In a released report from the Congressional Office of Compliance, we discovered that taxpayers were on the hook for $17 million settling sexual harassment claims that came out of the offices of the Legislative Branch over the past two decades since 1997.
The report was released Wednesday and detailed the number of settlements along with the amounts each fiscal year, beginning in 1997 and running through 2017.
The Office of Compliance decided to release the information due to the massive amounts of recent inquiries.
Executive director Susan Tsui Grundmann wrote a letter that was attached to the report.
Based on the volume of recent inquiries regarding payment of awards and settlements reached under the CAA, I am releasing these figures beginning with Fiscal Year 1997, up to and including FY 2017,” Grundmann wrote. “A large portion of cases originate from employing offices in the legislative branch other than the House of Representatives or the Senate, and involve various statutory provisions incorporated by the CAA, such as the overtime provisions of the Fair Labor Standards Act, the Family and Medical Leave Act, and the Americans with Disabilities Act.”
Congressional Office of Compliance releases year-by-year breakdown of harassment settlements and awards: pic.twitter.com/vxbezi22wb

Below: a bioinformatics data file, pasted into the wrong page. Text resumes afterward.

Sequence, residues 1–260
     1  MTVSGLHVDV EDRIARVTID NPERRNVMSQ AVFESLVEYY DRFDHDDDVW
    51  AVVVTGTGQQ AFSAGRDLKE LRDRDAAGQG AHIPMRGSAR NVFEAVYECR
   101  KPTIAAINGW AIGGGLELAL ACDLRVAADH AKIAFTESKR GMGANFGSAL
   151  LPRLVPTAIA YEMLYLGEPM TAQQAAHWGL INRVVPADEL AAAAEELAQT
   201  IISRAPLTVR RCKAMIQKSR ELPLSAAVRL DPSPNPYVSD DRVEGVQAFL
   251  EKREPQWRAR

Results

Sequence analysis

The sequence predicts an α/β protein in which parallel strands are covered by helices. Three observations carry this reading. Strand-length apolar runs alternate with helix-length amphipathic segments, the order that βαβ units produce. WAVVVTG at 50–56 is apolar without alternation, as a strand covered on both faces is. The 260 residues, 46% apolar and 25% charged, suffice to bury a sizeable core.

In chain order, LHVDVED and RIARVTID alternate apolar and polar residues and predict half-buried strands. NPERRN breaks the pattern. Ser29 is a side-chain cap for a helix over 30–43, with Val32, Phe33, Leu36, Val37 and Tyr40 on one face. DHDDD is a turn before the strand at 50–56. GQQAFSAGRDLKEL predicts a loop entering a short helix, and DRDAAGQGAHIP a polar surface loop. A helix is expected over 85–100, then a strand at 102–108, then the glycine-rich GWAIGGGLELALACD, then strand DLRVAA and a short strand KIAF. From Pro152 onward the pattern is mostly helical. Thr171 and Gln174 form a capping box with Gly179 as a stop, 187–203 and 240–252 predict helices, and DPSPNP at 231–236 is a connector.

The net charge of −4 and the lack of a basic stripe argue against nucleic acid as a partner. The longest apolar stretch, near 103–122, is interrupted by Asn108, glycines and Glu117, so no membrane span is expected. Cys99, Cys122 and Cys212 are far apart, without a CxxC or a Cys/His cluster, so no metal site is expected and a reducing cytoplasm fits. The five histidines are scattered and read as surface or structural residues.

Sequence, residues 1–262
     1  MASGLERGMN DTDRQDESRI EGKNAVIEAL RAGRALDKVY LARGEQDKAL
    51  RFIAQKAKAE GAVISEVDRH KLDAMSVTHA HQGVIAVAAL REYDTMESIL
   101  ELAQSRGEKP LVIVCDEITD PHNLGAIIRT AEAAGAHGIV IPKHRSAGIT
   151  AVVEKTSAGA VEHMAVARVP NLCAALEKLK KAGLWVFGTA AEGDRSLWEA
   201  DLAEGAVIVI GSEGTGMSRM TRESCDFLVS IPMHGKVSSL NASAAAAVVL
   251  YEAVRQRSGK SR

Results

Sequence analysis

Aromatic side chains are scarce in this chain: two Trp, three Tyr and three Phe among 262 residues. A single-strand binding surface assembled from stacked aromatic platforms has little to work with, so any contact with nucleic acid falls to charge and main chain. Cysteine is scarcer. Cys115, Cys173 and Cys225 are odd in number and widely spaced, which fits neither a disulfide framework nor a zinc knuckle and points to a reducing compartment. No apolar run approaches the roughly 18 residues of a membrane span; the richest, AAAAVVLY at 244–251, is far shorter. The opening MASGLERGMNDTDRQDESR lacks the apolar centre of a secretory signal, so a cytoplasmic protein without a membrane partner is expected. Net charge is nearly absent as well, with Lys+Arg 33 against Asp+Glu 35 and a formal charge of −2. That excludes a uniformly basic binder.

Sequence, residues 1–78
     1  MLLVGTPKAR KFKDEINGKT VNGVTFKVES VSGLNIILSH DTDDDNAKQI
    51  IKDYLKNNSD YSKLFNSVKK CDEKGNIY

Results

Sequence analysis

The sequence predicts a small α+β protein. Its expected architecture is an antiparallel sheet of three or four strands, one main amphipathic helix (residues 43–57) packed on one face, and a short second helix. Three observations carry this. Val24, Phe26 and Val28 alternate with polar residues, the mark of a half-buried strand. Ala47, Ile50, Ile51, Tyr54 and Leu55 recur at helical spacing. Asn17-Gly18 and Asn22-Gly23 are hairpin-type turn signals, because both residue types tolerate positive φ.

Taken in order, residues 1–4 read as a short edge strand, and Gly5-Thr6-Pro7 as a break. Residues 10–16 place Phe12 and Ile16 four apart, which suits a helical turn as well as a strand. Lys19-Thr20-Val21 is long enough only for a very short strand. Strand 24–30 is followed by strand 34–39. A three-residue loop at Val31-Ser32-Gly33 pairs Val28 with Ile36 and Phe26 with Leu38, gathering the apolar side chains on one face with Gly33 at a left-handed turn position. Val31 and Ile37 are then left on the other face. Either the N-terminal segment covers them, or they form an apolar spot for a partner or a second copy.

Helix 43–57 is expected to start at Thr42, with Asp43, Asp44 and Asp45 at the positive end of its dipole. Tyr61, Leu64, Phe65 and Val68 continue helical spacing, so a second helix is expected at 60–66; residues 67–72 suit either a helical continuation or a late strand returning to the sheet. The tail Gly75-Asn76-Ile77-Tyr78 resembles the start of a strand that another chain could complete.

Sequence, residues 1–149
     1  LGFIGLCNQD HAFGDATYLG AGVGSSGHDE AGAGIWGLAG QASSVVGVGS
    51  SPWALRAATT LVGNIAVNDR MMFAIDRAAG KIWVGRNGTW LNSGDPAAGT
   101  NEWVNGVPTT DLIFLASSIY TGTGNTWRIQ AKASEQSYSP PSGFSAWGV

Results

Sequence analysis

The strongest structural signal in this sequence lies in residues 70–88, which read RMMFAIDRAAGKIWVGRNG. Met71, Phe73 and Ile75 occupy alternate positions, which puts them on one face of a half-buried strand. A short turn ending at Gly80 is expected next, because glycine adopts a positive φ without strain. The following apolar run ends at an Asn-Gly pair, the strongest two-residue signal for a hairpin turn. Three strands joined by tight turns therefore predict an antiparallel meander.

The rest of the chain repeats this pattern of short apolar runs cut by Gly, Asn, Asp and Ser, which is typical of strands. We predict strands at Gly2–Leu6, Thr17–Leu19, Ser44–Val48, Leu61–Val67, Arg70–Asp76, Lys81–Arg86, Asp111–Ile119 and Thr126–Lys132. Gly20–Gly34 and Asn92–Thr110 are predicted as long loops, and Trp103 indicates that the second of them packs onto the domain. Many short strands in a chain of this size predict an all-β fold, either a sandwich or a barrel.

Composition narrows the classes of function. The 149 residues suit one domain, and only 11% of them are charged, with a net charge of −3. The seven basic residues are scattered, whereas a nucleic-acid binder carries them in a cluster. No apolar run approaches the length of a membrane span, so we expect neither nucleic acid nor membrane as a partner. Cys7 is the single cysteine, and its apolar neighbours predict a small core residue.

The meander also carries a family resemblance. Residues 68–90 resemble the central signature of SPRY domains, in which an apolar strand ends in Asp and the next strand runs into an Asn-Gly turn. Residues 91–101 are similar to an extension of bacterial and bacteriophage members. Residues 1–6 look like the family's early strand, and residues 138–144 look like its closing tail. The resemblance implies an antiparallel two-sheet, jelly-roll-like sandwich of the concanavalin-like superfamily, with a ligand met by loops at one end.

— Reid Wilson (@PoliticsReid) November 16, 2017
The Office of Compliance has released settlement details for fiscal years 2015, 2016 and 2017 pic.twitter.com/gnbfH7YtK1
— Jennifer Shutt (@JenniferShutt) November 16, 2017
The settlements total $17,240,854 that provided 264 settlements, and you were sent the bill, America!
In 2002 alone, settlements averaged $400,000 per incident! That did follow just after President Bill Clinton left office, which might explain some things.
It seems now it’s deemed fashionable to make sexual harassment claims, often without any evidence and long after the alleged misconduct took place. This seems to be part of the reason that Office of Compliance is releasing the information as a slew of people are coming forward now and claiming sexual harassment.
These claims are coming at a time when we are hearing some form or another of sexual abuse, misconduct or harassment every time the news is on.
While I stand against such behavior and do side with both men and women who may have had to endure such crimes against them, quite often the claims are made years after the fact and only after the person targeted is in a position of power or after the accuser has used the person they are accusing to advance themselves in some measure.
In either case, taxpayers should not be funding these settlements. The accused should be doing that.
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